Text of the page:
But "that's not something that's going to be available anytime soon,'' he said.
Friday, December 01, 2006
Bush's man in Iraq
Bush's man in Iraq
'HE'S THE right guy for Iraq," President Bush said of Iraq's Prime Minister Nouri al-Maliki after two hours of discussion with the Iraqi leader yesterday in Amman, Jordan. Notwithstanding this endorsement, the true import of the Amman encounter will become clear only in policies decided in Washington and unfolding facts on the ground in Iraq. And if Iraq's dire situation is not to be made even worse, a realistic acceptance of those facts will have to inform US policy decisions.
Events surrounding Bush's meeting with Maliki hardly inspire confidence that the president is ready to face nasty realities in Iraq. A leaked memo to Bush from National Security Adviser Stephen Hadley said, "Maliki is either ignorant of what is going on, misrepresenting his intentions, or . . . his capabilities are not yet sufficient to turn his good intentions into action."
Behind this questioning of Maliki's performance is an obtuse assumption that he should be willing or able to move decisively against the anti-American Shi'ite cleric Moqtada al-Sadr. Maliki was able to become prime minister only as a result of his political alliance with Sadr. If Sadr's followers in Parliament were to desert Maliki, his government would fall or he would have to form a coalition with the main Shi'ite rival to his own Dawa party, the Supreme Council for Islamic Revolution in Iraq . Dawa, the Supreme Council, and the Sadrists are all anti secular and supported by the theocratic regime in Iran.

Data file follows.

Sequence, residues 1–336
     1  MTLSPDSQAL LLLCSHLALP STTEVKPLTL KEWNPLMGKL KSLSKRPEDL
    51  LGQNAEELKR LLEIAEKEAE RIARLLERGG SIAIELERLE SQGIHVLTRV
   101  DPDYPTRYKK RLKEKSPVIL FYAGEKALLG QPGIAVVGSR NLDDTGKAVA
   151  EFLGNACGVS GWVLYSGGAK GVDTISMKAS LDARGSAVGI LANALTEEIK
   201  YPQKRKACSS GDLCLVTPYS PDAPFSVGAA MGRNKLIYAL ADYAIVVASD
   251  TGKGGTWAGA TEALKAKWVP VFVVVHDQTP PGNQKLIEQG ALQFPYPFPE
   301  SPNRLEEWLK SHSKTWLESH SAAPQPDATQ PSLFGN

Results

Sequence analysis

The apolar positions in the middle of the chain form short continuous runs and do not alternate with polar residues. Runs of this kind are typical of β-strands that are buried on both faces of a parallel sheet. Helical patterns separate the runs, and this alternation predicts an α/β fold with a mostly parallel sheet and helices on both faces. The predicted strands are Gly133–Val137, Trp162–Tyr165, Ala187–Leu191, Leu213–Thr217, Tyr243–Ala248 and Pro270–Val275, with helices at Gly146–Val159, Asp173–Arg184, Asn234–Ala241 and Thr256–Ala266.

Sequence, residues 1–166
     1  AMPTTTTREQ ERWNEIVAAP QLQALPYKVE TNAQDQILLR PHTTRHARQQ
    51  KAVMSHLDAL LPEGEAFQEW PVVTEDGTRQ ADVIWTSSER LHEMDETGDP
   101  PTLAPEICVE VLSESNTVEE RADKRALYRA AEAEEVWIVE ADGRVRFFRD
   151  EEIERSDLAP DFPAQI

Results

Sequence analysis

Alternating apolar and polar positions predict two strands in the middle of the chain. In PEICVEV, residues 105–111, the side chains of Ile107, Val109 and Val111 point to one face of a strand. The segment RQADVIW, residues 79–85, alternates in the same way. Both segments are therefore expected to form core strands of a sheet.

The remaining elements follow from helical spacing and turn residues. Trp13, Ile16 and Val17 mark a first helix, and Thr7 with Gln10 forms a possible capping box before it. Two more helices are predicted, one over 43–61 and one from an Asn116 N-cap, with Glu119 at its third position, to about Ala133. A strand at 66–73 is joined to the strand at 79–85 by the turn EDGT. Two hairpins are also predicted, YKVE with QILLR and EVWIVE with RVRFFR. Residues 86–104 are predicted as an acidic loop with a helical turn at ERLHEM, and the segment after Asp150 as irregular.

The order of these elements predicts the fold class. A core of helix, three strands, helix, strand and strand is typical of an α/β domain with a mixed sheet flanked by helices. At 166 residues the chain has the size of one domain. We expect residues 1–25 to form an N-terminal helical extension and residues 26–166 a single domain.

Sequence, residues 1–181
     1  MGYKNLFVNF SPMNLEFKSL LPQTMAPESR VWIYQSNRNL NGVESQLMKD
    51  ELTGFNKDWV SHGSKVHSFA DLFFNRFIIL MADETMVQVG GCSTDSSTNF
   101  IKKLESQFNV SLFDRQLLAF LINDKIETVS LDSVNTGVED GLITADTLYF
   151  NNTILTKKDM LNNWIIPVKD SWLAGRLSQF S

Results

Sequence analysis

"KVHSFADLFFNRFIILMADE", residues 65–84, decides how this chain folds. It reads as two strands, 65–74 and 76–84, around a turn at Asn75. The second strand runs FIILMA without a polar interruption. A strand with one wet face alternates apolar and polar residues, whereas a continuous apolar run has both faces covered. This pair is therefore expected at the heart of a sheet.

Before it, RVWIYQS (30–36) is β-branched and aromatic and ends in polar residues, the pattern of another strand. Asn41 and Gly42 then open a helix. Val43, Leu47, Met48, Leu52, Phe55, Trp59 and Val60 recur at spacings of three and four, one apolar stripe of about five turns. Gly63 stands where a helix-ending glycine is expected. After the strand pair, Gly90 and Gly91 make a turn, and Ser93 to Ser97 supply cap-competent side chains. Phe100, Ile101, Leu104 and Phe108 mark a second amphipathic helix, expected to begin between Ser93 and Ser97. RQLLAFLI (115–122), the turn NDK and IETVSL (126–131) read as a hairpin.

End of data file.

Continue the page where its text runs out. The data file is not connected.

This reality of Iraqi politics is crucial. Much as Bush has trumpeted his goal of democratizing Iraq and the rest of the region, his problem with Maliki is rooted in Iraqi power relations that were produced by parliamentary elections and the political horse-trading needed to form a coalition government.
Hadley's memo bemoans Maliki's failure to provide basic services to Sunni areas of Iraq and his intervention to "stop military action against Shi'a targets and to encourage them against Sunni ones." Hadley also castigates Maliki for fostering Shi'a dominance in the ministries. But the memo's most unrealistic demand is that Maliki dissolve his alliance with Sadr and "bring to justice any" Mahdi army "actors that do not eschew violence."
Only by refusing to face reality could Bush believe that in the midst of Iraq's vicious sectarian vendetta he could convince Maliki to abandon Sadr and build "an alternative political base" for "a nonsectarian national movement," as Hadley's memo proposes. There are no serious possibilities at present for a non-sectarian government in Iraq.Iraqis need security above all. They may need cooperation from neighbors and some continued training and military support from the United States, but ultimately, they will have to end their sectarian warfare their own way. Americans must now decide how slowly or quickly to reduce the role of foreign forces in that conflict.